Chapter

Is Equality Absolutely Good?

Richard Kraut

in Against Absolute Goodness

Published in print January 2012 | ISBN: 9780199844463
Published online January 2012 | e-ISBN: 9780199919550 | DOI: http://dx.doi.org/10.1093/acprof:oso/9780199844463.003.0024

Series: Oxford Moral Theory

Is Equality Absolutely Good?

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Some philosophers hold that it should be a matter of concern or regret that human beings are unequal in certain respects, and they think that we should strive, with the help of laws and political institutions, to diminish these inequalities—if possible, to eliminate them. The poor person, through sheer bad luck, has too few instrumental benefits, whereas those who are not poor have, through sheer good luck, much more than is instrumentally good for them. It is that kind of difference—a difference in what is good for or bad for people—that is thought by some to be objectionable. It is not merely that the poor have so little of what is good for them. What disturbs a certain kind of egalitarian, in addition, is that the poor have so much less of what is good for them than others do. This issue has no bearing on the question this chapter is investigating: should we value certain things because they are, quite simply, good? But that answer needs defense, because it might be tempting to suppose that if the egalitarian just described is right, then equality of well-being is, quite simply, a good thing.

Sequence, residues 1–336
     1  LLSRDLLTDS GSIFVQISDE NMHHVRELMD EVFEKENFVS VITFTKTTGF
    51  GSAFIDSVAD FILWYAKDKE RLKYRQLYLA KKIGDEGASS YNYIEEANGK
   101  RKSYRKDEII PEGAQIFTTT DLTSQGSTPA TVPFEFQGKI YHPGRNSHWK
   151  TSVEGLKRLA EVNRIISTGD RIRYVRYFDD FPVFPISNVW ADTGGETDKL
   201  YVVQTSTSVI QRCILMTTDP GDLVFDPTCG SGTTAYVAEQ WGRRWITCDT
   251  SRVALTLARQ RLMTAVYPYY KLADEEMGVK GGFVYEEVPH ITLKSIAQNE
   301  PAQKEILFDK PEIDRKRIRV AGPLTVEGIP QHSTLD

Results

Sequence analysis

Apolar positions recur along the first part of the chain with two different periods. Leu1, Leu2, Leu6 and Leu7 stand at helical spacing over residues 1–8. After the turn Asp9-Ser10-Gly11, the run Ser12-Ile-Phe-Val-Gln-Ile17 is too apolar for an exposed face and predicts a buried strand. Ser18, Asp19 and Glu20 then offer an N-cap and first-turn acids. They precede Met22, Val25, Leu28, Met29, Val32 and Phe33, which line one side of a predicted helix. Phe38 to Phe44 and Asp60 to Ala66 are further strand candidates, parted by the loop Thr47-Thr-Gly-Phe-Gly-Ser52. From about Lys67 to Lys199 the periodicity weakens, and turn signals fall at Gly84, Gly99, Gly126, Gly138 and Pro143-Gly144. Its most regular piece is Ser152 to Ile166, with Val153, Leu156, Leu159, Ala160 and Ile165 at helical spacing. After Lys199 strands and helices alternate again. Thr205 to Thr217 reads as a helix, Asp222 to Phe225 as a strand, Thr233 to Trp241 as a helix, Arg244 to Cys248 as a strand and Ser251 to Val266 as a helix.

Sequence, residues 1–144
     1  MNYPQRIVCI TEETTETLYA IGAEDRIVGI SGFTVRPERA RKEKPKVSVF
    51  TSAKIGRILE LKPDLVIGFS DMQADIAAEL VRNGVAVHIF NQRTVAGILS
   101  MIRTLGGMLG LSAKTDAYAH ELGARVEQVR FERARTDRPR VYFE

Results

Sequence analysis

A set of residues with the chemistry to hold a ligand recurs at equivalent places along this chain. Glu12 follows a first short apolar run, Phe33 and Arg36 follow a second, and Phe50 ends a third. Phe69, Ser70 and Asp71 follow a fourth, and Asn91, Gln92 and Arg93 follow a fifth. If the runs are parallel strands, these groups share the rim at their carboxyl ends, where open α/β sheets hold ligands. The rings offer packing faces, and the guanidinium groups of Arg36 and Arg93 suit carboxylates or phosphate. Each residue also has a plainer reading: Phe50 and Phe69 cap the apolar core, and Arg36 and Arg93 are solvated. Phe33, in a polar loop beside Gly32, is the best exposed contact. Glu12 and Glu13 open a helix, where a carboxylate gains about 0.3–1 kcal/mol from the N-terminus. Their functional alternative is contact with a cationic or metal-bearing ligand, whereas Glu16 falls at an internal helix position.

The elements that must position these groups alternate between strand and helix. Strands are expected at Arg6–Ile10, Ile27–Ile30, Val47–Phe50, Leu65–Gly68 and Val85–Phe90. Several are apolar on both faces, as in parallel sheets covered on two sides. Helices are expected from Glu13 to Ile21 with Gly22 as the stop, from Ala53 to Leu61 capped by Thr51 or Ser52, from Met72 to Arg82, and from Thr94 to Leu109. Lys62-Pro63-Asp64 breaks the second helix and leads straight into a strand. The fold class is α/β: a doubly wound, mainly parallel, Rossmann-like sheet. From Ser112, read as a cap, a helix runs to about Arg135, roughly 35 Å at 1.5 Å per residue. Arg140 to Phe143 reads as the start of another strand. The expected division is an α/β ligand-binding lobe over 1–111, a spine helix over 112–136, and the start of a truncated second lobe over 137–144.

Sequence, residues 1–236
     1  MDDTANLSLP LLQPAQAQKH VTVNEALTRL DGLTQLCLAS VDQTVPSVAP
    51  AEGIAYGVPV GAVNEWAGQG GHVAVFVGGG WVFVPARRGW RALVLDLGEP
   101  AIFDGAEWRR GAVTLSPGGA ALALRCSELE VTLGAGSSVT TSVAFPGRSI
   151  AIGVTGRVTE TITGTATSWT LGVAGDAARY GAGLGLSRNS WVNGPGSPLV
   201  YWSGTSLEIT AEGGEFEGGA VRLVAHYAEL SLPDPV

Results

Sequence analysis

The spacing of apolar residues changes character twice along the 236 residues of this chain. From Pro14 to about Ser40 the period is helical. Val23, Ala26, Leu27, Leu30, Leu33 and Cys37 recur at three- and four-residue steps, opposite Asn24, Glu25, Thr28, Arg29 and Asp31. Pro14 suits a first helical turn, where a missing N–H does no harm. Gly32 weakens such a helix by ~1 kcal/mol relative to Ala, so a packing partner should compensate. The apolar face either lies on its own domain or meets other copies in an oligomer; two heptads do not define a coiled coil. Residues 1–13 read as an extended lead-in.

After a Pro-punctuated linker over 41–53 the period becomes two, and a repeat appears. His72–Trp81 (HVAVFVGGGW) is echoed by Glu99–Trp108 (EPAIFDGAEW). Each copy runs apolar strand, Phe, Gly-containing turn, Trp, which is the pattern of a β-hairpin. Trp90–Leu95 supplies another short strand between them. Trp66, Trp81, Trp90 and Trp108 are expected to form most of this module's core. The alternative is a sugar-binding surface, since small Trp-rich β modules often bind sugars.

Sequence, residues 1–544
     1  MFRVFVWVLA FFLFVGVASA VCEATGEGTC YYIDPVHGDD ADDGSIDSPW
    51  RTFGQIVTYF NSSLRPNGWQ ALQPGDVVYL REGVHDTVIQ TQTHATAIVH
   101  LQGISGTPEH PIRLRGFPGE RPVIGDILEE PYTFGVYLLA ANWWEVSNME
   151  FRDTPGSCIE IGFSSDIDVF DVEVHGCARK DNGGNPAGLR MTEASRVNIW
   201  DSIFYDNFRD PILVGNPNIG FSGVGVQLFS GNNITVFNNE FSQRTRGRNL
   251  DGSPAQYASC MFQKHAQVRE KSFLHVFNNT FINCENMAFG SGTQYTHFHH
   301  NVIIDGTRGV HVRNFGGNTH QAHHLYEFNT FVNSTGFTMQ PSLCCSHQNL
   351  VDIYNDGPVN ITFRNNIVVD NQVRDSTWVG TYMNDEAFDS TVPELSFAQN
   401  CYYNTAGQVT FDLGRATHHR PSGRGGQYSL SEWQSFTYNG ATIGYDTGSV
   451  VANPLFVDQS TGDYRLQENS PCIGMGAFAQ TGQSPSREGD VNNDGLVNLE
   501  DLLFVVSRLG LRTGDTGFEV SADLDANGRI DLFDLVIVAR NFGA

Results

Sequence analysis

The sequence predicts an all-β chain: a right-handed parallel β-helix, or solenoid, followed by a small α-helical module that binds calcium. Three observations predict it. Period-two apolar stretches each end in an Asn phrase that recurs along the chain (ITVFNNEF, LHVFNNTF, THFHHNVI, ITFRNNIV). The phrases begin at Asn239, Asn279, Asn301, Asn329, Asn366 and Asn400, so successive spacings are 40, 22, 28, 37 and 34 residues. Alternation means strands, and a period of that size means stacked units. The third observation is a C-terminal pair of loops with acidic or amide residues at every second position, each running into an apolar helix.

Keywords: equality; well-being; absolute goodness; egalitarian

Chapter.  1755 words. 

Subjects: Moral Philosophy

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